Louisiana House Speaker Mike Johnson sought to establish a private law school in the state that would limit its faculty and student body to Christians. He argued that his proposal would help produce more attorneys with Christian values. The proposal was broadly opposed by many stakeholders in the legal profession, including attorneys, professors, and law school organizations.
The proposal faced a variety of legal and political challenges. Attorneys from the American Association of Law Schools argued that the school would amount to a preference for religious beliefs in violation of First Amendment rights. They argued that permitting the school to discriminate on the basis of religious belief would create a two-tiered system in the legal profession that would be detrimental both to the profession and to the equal application of justice.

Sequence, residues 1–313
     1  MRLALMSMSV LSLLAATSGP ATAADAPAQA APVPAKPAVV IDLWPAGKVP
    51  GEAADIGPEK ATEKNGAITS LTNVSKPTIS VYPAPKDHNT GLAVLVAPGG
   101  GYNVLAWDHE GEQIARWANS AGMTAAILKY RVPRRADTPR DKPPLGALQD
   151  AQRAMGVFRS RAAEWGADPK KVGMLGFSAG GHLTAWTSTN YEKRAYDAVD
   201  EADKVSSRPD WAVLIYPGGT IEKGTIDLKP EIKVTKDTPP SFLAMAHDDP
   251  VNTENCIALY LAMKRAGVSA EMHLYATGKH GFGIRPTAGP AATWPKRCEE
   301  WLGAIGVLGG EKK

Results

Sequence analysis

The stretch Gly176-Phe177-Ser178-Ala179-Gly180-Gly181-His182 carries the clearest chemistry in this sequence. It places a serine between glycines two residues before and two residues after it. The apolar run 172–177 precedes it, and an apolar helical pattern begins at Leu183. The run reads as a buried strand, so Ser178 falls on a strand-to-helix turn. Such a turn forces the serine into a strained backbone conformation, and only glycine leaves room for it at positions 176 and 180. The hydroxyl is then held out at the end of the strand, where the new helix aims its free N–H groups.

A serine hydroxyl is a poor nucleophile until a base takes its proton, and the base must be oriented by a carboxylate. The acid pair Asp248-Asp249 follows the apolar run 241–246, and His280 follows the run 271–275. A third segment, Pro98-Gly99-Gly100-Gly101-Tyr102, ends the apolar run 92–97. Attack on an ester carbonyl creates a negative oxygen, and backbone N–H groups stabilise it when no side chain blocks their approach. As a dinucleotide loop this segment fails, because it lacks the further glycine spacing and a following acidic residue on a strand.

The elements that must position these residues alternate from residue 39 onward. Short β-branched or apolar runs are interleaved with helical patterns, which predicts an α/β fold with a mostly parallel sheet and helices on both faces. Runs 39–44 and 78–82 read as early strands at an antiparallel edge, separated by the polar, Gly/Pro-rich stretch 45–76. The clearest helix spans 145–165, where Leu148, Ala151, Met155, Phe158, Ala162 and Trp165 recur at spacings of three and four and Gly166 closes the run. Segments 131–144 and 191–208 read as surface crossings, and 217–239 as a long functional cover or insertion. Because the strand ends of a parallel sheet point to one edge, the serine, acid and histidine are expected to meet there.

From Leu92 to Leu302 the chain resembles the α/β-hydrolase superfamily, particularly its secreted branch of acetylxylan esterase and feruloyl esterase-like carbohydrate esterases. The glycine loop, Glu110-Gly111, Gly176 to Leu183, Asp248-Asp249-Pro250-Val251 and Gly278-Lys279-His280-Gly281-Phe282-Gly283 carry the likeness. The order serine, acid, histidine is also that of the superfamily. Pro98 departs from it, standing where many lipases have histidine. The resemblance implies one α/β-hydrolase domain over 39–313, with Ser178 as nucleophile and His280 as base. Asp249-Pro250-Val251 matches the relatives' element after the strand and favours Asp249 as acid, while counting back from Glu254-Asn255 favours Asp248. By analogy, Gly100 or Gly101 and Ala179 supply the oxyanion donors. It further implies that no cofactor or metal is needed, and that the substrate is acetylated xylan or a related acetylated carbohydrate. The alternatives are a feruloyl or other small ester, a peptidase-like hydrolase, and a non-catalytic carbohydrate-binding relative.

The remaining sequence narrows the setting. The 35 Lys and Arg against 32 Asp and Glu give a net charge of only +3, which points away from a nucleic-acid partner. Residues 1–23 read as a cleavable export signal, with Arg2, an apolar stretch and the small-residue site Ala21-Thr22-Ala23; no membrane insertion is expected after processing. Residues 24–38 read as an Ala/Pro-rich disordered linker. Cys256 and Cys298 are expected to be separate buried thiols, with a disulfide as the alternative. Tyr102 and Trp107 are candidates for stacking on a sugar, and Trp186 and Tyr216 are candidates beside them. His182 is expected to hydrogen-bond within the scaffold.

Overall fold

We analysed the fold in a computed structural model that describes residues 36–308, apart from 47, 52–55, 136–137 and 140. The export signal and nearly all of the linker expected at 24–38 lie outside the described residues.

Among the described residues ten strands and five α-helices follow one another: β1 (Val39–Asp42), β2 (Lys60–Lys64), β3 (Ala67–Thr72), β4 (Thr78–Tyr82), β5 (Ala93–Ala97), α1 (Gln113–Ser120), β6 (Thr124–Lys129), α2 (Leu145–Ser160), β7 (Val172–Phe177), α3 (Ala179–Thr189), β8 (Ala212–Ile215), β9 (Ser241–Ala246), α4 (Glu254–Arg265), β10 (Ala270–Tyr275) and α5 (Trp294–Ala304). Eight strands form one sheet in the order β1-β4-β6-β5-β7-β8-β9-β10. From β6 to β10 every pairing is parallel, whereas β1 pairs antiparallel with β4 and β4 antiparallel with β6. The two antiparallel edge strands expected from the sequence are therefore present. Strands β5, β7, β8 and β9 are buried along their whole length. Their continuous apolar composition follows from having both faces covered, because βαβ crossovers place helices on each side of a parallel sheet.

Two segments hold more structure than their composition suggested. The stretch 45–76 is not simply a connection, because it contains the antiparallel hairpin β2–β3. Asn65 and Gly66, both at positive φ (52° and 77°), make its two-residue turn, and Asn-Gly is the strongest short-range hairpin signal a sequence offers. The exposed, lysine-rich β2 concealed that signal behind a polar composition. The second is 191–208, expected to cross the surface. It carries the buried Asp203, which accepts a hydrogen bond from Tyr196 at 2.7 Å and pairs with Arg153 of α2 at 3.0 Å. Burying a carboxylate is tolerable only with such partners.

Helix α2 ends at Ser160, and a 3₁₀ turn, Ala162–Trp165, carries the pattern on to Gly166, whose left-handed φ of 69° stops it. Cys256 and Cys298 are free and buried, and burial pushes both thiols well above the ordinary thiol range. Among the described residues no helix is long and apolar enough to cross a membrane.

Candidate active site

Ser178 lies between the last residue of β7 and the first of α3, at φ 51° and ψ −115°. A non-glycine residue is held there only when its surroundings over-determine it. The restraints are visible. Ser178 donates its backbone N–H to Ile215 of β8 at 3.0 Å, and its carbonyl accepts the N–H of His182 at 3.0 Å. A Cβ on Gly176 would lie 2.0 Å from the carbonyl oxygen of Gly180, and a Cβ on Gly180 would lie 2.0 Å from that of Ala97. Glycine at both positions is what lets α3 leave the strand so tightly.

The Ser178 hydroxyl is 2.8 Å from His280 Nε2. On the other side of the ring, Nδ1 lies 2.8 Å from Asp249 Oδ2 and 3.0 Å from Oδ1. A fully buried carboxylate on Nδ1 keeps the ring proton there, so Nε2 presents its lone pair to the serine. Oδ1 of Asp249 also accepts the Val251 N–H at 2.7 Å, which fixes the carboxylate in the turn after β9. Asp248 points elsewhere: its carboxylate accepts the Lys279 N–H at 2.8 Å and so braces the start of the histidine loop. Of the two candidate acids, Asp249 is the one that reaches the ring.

Politically, the proposal was also controversial. It was opposed by many Democratic lawmakers who argued that it was unconstitutional and would create an inequitable legal system. Additionally, some Republicans argued that the proposal was too divisive and that it could lead to the erosion of other protections in the state’s legal system.
Overall, Speaker Johnson’s plan failed to come to fruition as a result of the legal and political opposition that it faced. Ultimately, the proposal was blocked in the legislative process and ultimately went nowhere.